State prosecutors in the United Republic of Tanzania dropped murder charges this week against twenty-four Indigenous Maasai, accused of killing a police officer during a state-sponsored eviction campaign to remove Maasai from their land and create a protected game reserve.
The incident, which occurred in June, involved hundreds of security officers attempting to remove Maasai people from their homelands in Loliondo, in Northern Tanzania, and left dozens of Maasai injured or shot. In the aftermath, many Maasai fled across the border to Kenya for medical treatment while others were arrested or confined to their homes. During the conflict, a police officer died after reportedly being stabbed by a spear. In July, the Tanzanian government arrested twenty-five Maasai, charging them with the officer’s murder. One person was later released, but the remaining twenty-four men and women remained in prison until their release Tuesday.
“It is a good day for those who have been in prison for months now and their families, but at the same time it is outrageous that these innocent people have been in prison for this many months,” said Anuradha Mittal, executive director of the Oakland Institute, a U.S.-based human rights nonprofit. “It shows just how wrong the actions of the Tanzanian government are to criminalize the land defenders.”
But despite the legal victory, experts say the Maasai still have significant challenges to protecting their land and rights. The Tanzanian government is still pushing to create a protected game reserve in Loliondo, which would take approximately 1,500 square kilometers of the 4,000 square kilometer area currently inhabited by the Maasai. Tanzania plans to let Otterlo Business Company, a United Arab Emirates based company, manage the reserve.
In June, a group of United Nations experts expressed concern at Tanzania’s plans to displace Maasai people without their free, prior and informed consent, as required under international human rights law and standards. “This will cause irreparable harm, and could amount to dispossession, forced eviction and arbitrary displacement prohibited under international law,” the U.N. said.
In the nearby Ngorongoro Conservation Area, which is a UNESCO World Heritage Site, additional Maasai communities are also facing removal in order to protect and preserve the areas biodiversity and ecosystems – a practice many analysts describe as “fortress conservation,” a conservation model that relies on creating protected areas that function in isolation of human disturbance. Notably, fortress conservation relies on removing or barring communities that have traditionally relied on those areas from entering or living. If government efforts are successful, nearly 150,000 Maasai people in the Loliondo and Ngorongoro areas will be removed.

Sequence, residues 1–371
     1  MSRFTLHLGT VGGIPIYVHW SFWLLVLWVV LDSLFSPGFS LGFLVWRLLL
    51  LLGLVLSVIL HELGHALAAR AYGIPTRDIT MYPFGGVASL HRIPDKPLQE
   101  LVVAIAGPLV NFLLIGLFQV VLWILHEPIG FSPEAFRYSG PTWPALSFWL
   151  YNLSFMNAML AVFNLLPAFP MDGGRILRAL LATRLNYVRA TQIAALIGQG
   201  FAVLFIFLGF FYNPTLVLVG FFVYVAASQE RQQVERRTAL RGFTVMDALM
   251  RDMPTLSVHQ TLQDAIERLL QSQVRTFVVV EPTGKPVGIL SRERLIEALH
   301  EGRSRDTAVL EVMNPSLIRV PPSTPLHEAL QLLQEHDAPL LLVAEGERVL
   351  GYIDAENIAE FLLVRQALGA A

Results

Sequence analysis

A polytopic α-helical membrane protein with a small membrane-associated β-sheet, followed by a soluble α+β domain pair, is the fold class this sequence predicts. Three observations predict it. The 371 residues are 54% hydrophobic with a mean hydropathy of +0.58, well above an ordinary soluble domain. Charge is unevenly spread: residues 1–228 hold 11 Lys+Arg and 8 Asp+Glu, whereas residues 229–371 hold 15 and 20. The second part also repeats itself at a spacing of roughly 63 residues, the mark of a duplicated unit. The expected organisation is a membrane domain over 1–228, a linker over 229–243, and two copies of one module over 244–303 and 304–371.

“It is no different from the old racist neocolonial top down conservation models, which are Western based,” Mittal said. “Unfortunately, despite the independence of countries, they continue to be shackled in this ideology, which believes that nature has to be protected from men.”
In October, the United Nations Special Rapporteur on the Rights of indigenous peoples, Francisco Calí Tzay, called attention to the Maasai’s situation in a report to the General Assembly on protected areas. In response, a representative from Tanzania insisted that any relocations of Maasai are voluntary and Indigenous peoples are not legally recognized in Tanzania. Calí Tzay has requested to visit Tanzania to further investigate, but the Tanzanian government has yet to respond.
Mittal says that until the world changes its conservation model, Indigenous peoples will continue to suffer from eviction, violence, and criminalization. “It’s a failure of the international community to deal with the climate crisis, but instead have the poor, Indigenous, and marginalized pay for it,” Mittal said.
The Tanzanian government and representatives for the Maasai did not immediately respond to a request for comment.